I learn something every time politicians do their thing and voters do theirs. Some thoughts about the 2016 Pennsylvania primary.
We — OK, I — underestimated Donald Trump again. He not only won Pennsylvania by a huuuge margin in the popular vote, he kicked butt in the strange, convoluted race for delegates in the state.As I’ve explained in earlier pieces, most of the Republican delegates in Pennsylvania are selected directly by voters. They’re on the ballot under their own names, without any stated connection to a presidential candidate.It means a presidential campaign needs to be really organized and determined to tell its voters which delegates to vote for. While we don’t have final results, it appears the Trump campaign did that pretty well.One Republican veteran told me yesterday she got three robocalls, including one from Ivanka Trump.
Bernie Sanders isn’t backing off, slowing down, or changing his tone. Yes, he lost in Pennsylvania and three other states, and Hillary Clinton will want to pivot to the general election.But Sanders and his followers are pursuing transformative change in our notions of economic fairness and the relationship between money and political power in America.That kind of change isn’t limited to any election cycle, so it doesn’t really matter than he can’t win the Democratic nomination.The remaining primaries and the convention do offer platforms to nurture the growth of the movement. So The Bern will burn on.
Money really matters in politics. That’s not a revelation I know, but it was so striking to see U.S. Senate candidate Katie McGinty overcome Joe Sestak’s lead with an avalanche of advertising from the national groups that spent millions on her behalf.McGinty is an energetic candidate, but you could just see the Sestak campaign deflate as it was outspent by huge margins in the closing weeks of the race.When I saw Sestak weekend before last, I asked where his election night event would be. “We’ll just be at the headquarters, Dave,” he said. “I don’t have the money to hire a hall.”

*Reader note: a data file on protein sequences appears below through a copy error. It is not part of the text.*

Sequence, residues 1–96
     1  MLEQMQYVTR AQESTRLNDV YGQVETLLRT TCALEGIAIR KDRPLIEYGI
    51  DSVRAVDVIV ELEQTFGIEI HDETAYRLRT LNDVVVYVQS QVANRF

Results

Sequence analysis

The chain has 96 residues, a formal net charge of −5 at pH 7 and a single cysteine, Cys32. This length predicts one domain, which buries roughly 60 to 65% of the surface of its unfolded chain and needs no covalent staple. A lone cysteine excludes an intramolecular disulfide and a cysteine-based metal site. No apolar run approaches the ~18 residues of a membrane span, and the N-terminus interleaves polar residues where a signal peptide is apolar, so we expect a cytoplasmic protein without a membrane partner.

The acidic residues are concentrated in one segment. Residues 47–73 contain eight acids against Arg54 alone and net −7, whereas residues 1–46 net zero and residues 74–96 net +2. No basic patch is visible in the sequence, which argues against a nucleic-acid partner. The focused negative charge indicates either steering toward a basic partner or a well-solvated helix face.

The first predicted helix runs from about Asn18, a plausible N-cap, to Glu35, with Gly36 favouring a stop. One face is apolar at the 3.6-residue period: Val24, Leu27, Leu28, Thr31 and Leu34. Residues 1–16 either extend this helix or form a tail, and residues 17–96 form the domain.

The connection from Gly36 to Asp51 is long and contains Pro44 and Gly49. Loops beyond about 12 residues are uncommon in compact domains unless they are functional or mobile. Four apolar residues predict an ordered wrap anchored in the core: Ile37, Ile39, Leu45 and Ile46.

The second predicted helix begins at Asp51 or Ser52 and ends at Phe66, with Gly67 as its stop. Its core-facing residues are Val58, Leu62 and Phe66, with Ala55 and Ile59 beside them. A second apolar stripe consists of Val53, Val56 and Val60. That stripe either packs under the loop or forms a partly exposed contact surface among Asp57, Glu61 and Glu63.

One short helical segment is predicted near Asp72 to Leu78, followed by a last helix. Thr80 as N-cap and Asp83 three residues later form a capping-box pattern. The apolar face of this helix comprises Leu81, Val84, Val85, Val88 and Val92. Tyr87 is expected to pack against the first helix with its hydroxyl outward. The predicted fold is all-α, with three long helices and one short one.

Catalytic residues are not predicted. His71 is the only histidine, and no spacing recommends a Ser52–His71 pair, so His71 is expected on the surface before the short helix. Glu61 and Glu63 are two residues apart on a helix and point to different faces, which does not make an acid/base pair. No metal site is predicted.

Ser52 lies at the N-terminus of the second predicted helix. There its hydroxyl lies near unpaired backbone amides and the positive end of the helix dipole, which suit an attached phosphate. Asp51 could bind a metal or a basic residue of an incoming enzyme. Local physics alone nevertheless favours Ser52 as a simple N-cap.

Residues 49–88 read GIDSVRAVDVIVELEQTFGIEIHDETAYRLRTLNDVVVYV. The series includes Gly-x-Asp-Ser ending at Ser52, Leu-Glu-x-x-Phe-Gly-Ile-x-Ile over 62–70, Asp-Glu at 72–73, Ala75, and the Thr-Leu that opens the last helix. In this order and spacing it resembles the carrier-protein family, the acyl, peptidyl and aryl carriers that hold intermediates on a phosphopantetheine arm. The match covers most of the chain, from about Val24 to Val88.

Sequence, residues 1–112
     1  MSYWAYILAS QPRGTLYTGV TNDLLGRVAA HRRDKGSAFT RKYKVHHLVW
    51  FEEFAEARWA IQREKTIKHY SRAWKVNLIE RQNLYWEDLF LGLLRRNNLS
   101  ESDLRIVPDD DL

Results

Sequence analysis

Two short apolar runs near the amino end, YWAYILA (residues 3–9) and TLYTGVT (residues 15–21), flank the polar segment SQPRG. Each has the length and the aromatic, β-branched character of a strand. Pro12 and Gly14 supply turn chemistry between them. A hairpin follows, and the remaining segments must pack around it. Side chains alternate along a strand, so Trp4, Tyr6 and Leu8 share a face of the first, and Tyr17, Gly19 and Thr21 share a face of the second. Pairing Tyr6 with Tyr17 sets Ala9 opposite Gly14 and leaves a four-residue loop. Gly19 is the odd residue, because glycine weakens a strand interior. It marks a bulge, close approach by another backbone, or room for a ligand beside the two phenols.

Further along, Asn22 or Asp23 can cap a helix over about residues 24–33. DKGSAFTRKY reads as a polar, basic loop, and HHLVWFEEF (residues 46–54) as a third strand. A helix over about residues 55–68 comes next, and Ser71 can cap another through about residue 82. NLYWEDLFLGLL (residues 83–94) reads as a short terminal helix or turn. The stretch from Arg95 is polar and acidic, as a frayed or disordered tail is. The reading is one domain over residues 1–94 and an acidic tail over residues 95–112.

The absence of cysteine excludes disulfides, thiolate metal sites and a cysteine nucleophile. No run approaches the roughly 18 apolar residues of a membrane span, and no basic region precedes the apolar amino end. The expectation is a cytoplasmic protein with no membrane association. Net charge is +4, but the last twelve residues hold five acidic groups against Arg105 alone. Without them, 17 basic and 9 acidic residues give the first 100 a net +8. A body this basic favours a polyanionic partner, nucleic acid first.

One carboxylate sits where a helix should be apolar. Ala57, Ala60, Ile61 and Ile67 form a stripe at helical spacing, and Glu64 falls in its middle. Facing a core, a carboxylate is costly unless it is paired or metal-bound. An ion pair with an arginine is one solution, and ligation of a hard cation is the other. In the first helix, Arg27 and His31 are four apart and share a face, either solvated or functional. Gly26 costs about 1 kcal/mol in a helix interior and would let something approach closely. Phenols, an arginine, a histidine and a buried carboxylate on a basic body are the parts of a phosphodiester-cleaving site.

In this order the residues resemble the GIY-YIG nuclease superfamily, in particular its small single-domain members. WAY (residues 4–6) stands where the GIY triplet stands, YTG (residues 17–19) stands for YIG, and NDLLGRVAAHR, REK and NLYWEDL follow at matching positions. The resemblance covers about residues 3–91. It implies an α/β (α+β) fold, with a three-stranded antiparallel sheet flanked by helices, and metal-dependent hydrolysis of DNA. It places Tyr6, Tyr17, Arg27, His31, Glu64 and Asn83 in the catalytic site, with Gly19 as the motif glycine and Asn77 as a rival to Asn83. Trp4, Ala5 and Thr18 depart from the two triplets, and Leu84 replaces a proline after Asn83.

Relationships matter in politics. Also not a revelation, but it seems Sestak was in a position to win the Democratic nomination for U.S. Senate if he’d just managed to mend fences with the party leaders he ticked off in 2010 by running against the Republican-turned-Democrat Arlen Specter.Sestak says he went to the leaders of the Democratic Senatorial Campaign Committee to make peace and seek their support.He says they wanted to staff his campaign and expected him to blindly obey any instructions they sent. That, he said, he just couldn’t do.I spoke to somebody on the other side of this who said, basically, “Look, Joe had six years to repair these relationships with party honchos, union leaders, and elected officials. What does it tell you that none of them would support him in this race?”I don’t know, but it cost him.
Ethics actually matter, too. Philadelphia Congressman Chaka Fattah ran for renomination despite his indictment on serious corruption charges, and a lot of people said his constituents would return him to office anyway.Didn’t happen.Fattah got just a little more than a third of the vote in yesterday’s primary, and here’s the interesting part: He didn’t just lose in the suburbs.In the redistricting after the last census, the legislature added most of Lower Merion to Fattah’s district. That meant he had a bunch of new suburban voters in this race who might be expected to judge him more harshly.But if you look at the returns in just the Philadelphia portion of the district, Fattah still pulled only about 37 percent.He’s entitled to a presumption of innocence, but the fact that he never gave a real explanation for the charges in the indictment hurt him, even with voters who’d routinely re-elected him for 20 years.